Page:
9 Nov 2013, 12:15 AM Reply Like
  • TAS
    , contributor
    Comments (2496) | Send Message
     
    Worst mistake since the 1932 elections.
    9 Nov 2013, 12:16 AM Reply Like
  • bgold1955
    , contributor
    Comments (2242) | Send Message
     
    42 states out of then 48 disagreed with your "worst mistake". How was it back in 1932? From what I read, most people were fed up with mob controlled politicians & massive corruption.
    9 Nov 2013, 08:49 AM Reply Like
  • TAS
    , contributor
    Comments (2496) | Send Message
     
    I just don't think you are wise enough to comprehend my point.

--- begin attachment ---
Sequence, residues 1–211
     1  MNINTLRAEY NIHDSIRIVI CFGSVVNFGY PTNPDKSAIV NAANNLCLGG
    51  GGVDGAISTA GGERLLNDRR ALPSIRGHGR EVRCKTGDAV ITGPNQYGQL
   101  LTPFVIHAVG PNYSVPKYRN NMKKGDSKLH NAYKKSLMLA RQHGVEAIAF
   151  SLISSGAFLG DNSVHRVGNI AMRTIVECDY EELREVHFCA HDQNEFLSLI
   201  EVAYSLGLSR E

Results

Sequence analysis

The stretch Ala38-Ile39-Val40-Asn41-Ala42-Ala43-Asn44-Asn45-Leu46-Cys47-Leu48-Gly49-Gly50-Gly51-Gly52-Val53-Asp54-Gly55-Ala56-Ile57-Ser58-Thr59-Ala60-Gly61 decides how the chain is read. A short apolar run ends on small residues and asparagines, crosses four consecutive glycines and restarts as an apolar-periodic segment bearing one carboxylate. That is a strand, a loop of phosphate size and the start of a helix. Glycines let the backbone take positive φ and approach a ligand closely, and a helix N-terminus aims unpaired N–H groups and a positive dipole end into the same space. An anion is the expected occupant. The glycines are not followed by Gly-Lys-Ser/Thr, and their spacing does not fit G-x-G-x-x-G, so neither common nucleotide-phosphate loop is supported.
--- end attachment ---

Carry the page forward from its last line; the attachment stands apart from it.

10 Nov 2013, 10:33 PM Reply Like
  • CATO THE YOUNGER
    , contributor
    Comments (6) | Send Message
     
    When the Turks and Arabs repopulate Germany, their familiarity comfort with oil and gas production will eventually lead that country to adopt a wiser policy. Its simply a fact that there has been no instance of hydraulic fracking contaminating ground water, however that might disappoint the enviro-fascists and control freaks.
    9 Nov 2013, 01:12 AM Reply Like
  • machiavelli
    , contributor
    Comments (609) | Send Message